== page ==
them to your source code, then continuing).
7. Compatibility in look and feel, clipboard behavior, menus,  
keybindings, etc. with the host platform.

Emacs is spectacular in most of these areas. (It takes a while to  
figure out how to use an interactive Python window in conjunction with  
pdb and your Python code, but Emacs has a cross-language uniform  
interpreter/debugger interface that makes the effort worthwhile -- or  
very small if you are already using it for another language.) That  
doesn't mean that moderate Emacs users take advantage of all of this,  
of course.

So, what about Wing? Wing is exceptionally strong in all of these  
areas, except that it's a little weak on 5 and, on a Mac, 7 (because  
it runs under X11 and there isn't much else left that needs to). What  
I do a lot is look for a Wing command that does what I know how to do  
in Emacs, and because it has a somewhat similar model, I often find  
it. When I don't I can script it. (It is well worth getting over the  
small hurdle of learning how to add commands to your environment.)  
Wing even distinguishes between keyboard and keypad keys (e.g.,  
command-0 and command-keypad-0) -- it doesn't impose very limiting  
restrictions on what keystrokes can be bound. Most importantly for  
people moving from another editor are the keyboard compatibility modes  
-- you can tell it to use vi or Emacs (or even Brief and a few other  
blasts from the past) bindings. Or native bindings. My biggest trouble  
right now is that I keep switching between Emacs and Mac OS X, and I  
am going to resolve that by just binding a large set of my own keys.  
(You don't have to use the preferences dialog for that -- you can  
simply edit your .wingide/preferences file: once you've done a few  
through the dialog, you'll see how that works.)

So to add to my list above, there really should be:

0. Supports the transition from other well-known editors by providing  
compatibility modes

And a warning: switching editors or IDEs or GUI toolkits or operatings  
systems, etc., is NEVER comfortable. One of the worst feelings a  
professional software developer can have is to move into a new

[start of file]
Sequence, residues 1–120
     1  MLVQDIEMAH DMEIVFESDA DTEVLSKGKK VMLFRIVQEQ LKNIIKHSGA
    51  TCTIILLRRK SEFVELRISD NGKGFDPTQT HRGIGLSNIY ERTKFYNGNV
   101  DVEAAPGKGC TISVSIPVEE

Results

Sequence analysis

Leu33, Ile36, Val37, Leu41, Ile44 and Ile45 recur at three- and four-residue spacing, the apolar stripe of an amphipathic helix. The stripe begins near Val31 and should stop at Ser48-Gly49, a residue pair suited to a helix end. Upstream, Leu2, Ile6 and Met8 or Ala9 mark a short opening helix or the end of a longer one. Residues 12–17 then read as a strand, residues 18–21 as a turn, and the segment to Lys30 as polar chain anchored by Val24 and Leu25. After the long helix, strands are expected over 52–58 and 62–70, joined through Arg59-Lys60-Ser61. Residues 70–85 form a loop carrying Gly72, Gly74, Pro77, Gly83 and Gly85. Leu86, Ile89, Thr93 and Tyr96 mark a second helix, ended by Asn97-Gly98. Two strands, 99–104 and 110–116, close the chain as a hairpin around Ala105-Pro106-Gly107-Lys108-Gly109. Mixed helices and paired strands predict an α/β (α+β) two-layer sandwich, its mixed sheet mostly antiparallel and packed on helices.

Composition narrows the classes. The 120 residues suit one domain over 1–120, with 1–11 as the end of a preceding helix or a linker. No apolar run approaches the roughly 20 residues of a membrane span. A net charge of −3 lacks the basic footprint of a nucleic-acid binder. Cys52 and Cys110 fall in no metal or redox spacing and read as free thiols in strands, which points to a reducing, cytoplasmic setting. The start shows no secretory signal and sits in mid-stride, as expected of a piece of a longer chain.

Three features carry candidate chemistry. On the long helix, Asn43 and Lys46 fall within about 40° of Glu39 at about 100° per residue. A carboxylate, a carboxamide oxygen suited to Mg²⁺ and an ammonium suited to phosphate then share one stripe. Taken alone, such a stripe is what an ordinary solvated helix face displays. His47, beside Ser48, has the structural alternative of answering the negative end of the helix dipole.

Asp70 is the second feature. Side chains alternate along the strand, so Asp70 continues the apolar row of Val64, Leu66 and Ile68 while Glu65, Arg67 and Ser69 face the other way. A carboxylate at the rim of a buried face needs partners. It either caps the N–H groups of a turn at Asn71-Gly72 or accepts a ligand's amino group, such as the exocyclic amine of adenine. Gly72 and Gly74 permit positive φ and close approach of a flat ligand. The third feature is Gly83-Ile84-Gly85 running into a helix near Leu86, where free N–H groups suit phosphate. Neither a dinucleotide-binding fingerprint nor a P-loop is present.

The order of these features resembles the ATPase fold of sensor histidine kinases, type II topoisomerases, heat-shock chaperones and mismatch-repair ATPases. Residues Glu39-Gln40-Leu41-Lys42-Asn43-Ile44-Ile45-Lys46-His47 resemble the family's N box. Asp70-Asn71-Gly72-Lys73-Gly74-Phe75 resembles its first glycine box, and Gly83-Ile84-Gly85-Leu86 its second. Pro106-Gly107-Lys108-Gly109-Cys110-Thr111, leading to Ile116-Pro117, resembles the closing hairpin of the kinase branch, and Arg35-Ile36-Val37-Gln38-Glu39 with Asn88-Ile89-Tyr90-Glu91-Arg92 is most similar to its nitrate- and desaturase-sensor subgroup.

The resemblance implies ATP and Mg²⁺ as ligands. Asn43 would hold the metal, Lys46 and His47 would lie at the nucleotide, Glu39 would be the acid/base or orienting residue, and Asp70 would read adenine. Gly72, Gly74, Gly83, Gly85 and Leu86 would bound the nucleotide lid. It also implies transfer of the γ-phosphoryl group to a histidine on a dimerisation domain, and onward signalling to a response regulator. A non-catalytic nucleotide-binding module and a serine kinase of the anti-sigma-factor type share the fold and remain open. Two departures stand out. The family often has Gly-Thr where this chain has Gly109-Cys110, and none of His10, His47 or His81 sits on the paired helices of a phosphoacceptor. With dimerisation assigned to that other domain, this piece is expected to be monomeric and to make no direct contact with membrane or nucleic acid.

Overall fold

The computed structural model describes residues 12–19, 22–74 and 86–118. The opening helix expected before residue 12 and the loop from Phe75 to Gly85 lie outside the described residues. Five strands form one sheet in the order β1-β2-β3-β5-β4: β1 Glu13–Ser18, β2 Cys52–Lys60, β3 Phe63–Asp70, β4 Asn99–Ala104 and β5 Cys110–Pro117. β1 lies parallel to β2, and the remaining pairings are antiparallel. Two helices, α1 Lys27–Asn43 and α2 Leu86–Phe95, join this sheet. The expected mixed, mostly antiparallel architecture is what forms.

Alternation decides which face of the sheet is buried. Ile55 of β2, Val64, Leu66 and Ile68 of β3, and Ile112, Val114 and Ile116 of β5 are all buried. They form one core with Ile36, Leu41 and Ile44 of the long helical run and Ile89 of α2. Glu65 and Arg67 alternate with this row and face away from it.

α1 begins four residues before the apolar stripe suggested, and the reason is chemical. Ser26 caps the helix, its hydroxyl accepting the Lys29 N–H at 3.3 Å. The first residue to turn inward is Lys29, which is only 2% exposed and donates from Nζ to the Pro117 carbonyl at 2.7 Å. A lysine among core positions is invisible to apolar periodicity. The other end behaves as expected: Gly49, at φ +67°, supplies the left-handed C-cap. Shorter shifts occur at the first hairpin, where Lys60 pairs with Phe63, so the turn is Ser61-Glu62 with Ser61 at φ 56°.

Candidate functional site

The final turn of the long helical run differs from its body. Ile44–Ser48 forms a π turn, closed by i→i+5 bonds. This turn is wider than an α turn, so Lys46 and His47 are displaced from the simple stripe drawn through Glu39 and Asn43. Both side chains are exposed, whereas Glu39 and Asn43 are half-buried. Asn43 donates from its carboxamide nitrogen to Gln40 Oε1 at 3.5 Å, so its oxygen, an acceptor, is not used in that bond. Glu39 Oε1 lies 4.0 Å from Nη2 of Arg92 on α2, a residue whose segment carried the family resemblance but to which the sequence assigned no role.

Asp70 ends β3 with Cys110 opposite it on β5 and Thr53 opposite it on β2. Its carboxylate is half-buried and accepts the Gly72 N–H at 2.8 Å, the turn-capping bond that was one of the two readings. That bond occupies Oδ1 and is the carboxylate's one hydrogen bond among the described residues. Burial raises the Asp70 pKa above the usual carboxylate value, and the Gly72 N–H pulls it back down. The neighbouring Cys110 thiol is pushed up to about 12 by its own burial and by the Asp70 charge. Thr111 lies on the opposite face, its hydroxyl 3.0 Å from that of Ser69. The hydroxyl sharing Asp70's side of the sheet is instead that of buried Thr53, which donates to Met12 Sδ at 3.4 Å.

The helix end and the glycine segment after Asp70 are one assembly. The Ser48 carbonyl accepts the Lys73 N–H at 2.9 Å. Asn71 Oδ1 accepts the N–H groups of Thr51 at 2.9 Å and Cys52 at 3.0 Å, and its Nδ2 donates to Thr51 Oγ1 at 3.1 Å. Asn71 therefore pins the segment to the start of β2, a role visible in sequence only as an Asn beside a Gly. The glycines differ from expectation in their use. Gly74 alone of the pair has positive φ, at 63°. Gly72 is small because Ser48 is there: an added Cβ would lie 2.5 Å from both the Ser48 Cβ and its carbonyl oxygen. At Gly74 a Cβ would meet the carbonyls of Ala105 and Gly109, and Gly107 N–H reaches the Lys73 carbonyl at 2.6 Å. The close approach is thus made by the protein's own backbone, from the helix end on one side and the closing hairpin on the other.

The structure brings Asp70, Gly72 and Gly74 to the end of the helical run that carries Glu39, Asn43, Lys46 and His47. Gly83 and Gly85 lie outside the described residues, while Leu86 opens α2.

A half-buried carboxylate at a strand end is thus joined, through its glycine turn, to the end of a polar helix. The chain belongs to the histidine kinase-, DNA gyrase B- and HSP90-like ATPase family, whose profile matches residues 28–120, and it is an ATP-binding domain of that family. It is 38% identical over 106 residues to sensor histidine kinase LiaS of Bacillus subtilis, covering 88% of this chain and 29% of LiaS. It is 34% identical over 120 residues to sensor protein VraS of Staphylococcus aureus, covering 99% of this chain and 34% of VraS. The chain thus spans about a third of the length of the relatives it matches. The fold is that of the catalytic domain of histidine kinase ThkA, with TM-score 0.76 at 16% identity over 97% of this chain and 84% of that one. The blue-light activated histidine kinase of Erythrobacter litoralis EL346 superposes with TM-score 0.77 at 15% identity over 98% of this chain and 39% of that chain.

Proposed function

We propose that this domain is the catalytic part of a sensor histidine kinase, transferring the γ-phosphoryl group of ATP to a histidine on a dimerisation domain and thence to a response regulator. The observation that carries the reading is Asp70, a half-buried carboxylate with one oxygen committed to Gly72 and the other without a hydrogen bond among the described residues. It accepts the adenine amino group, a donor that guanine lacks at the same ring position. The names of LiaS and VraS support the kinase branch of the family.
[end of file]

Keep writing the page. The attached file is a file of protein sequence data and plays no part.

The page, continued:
language, new GUI library, new OS (even new version of the same OS),  
new IDEm and especially, new editor. You just feel like a clumsy  
idiot, and it's hard not to criticize the new world you have entered.  
It may be better, worse, or the same -- most likely it's a mixture --  
but you can't tell until you've gotten somewhat comfortable in it. And  
during the transition, whenever you come across a barrier that you  
"can't believe" -- something huge that appears to be missing,  
something you can't do, something you have to do, whatever -- ASK  
rather than just writing off the new environment. (You'll see some of  
my questions to this list and to other mailing lists I occasionally  
post questions to phrased something like "What am I missing here? I  
want to do this thing that seems really basic or important, and I just  
can't see how to do it. Surely it is there somewhere."

Oh, one more thing about Wing: you don't have to give up your external  
editor! It watches files in your current project and updates them as  
soon as they are saved from somewhere else. I move fast, and if I  
can't see how to do something in Wing and don't feel like taking the  
time at the moment to work it out, or need to do something that I'm  
pretty sure Emacs would do better, I just pop over to Emacs and edit  
the files there, then go back to Wing to continue working. Best of  
both worlds and a good way to make the transition. (See section 4.15  
of the documentation and the Files|Reload pane of the preferences  
dialog.) (The reloading process also works for generated files -- for  
instance, I am using Qt's Qt Designer to layout complicated GUIs then  
generating the corresponding Python code with PyQt's pyuicc4. If I  
have the generated file open in Wing, it changes as soon as I generate  
the new version. Very important.)

I am sure that once I dispatch this message I will think of more to  
say, or things I shouldn't have said, but informally, this is about